Rosaline REVIEW – Perfectly Amiable

Rosaline's a fun watch, but it's no Shakespeare.


If you know your Shakespeare, you’ll recall that Rosaline is the girl Romeo was hoping to see when he crashed the Capulet party. But after that party, the only person on his mind was Juliet. Rosaline became a mere footnote in the play, overshadowed by the tragic love story that was Romeo and Juliet. So the aim of Karen Maine’s Rosaline is to bring this character centre-stage, and to reimagine everything from her perspective. It’s a fun film, and I enjoyed myself, but if I cast my mind back to movies like She’s the Man and 10 Things I Hate About You, I’m not sure that Rosaline has the stamina to be quite as iconic.

The story begins on a balcony. Romeo’s (Kyle Allen) making his flowery, Petrarchan declarations, and Rosaline’s (Kaitlyn Dever) loving it but also not. Even though the movie is set in 16th century Verona, Rosaline’s vernacular is very much modern day speak, as is the case for the rest of the characters. Romeo is a poet, and while Rosaline loves his romantic spouting, she doesn’t always understand him. Still, he’s the best option out of all the men her father’s tried to match her with.

Everything’s going well with Romeo, besides the fact that she’s a Capulet and he’s a Montague, until she misses their rendezvous at the Capulet party. As we all know, that’s the party where Romeo sets his sight on Juliet (Isabela Merced), and the rest is history. However, all’s not peachy for Rosaline, because Romeo’s ghosted her instead of telling her what happened, and it’s only when she spies on him that she discovers he’s fallen in love with someone else.

Dever is delightful as Rosaline. She’s funny and makes the character really relatable, even when Rosaline does some not very desirable things. While Rosaline dreams of adventure and travel, her reality as a woman confines her to Verona and to marry a man as part of her duty. She’s stuck in a world that doesn’t give women a voice. Even though she befriends Juliet on the pretext of wanting to help her, she does end up doing that, allowing Juliet to get the opportunity to find her own voice. Juliet’s certainly no wilting flower in Shakespeare’s world, she questions Romeo and does forge ahead to make her own choices, which the movie attributes to Rosaline’s teachings.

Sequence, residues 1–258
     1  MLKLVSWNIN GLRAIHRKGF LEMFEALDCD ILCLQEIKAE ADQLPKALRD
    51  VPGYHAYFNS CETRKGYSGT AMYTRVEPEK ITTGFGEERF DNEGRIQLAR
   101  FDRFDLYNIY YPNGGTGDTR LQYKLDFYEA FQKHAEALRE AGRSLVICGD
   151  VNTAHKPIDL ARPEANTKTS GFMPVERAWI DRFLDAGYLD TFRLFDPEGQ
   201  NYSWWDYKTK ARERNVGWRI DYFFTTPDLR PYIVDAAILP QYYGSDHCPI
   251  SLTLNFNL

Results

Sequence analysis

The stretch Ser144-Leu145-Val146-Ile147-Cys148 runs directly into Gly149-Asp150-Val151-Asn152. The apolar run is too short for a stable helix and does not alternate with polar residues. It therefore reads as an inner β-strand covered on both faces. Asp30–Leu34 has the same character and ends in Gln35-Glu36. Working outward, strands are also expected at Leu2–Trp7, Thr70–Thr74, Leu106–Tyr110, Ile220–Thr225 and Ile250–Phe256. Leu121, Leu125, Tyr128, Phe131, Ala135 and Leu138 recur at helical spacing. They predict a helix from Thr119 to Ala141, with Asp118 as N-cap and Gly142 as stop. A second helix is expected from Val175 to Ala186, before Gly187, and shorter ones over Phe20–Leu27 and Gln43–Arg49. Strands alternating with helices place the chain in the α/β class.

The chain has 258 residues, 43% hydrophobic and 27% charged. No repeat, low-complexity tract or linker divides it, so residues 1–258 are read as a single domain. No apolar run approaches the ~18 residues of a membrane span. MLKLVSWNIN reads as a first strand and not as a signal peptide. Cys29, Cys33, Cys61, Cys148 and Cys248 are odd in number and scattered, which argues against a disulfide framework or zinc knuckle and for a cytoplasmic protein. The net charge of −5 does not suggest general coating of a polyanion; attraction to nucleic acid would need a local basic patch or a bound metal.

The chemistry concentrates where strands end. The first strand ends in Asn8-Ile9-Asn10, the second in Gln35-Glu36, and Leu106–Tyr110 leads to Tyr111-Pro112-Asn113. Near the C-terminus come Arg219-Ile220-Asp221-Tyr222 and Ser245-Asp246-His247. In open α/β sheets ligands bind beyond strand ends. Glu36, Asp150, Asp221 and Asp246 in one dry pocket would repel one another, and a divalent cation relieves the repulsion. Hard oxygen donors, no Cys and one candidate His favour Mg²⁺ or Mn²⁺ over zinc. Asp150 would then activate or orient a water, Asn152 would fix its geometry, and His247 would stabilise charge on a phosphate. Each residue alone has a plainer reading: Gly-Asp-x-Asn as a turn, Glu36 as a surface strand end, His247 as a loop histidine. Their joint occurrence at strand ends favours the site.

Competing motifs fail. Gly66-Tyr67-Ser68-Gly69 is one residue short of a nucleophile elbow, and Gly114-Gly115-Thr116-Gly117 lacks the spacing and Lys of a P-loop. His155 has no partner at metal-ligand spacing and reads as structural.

There’s quite a few comedic moments in the movie, mainly from Minnie Driver’s Nurse character and Christopher McDonald as Lord Capulet. I usually find myself chuckling when these two are on screen. Spencer Stevenson as Rosaline’s bff Paris is also so effortlessly funny. While the screenplay isn’t the most imaginative, it is competent when it comes to humour and comedy.

Unfortunately, where Rosaline takes a dive is really in the romantic spaces. The leading men, both Romeo and Dario (Sean Teale), are immensely dull. There isn’t much chemistry between Dever and Teale, and even Merced’s Juliet can’t muster any sense of young love magic with Allen’s Romeo. Rosaline’s romantic relationships are a huge driving force in her self-discovery, so it’s a shame that they aren’t very engaging. Even though Romeo’s not the man for her, it’s possible to convey incompatibility without making their scenes together a tedious watch.

So yes, Rosaline is a fun movie to stream, but doesn’t really beg a revisit.

Review screener provided.

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Rosaline makes for fun, casual viewing. Just don't expect much else.